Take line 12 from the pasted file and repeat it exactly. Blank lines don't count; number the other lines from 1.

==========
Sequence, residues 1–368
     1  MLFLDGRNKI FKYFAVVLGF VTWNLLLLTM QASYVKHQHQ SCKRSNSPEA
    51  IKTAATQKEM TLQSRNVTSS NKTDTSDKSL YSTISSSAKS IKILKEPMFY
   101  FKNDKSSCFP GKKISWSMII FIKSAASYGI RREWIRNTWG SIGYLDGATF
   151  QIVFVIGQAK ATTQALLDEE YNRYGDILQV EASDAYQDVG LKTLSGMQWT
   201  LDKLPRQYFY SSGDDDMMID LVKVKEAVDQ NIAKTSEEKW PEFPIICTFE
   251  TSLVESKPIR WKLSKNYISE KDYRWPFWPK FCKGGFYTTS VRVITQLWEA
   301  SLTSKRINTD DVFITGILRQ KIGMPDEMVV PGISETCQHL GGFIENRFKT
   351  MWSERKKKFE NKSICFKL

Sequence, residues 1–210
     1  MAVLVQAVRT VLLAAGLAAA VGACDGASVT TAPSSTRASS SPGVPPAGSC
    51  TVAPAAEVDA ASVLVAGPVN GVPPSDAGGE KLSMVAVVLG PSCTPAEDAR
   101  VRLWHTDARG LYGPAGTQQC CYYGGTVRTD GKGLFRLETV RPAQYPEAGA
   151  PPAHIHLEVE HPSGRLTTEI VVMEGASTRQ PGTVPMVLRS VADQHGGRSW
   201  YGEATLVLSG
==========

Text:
    51  TVAPAAEVDA ASVLVAGPVN GVPPSDAGGE KLSMVAVVLG PSCTPAEDAR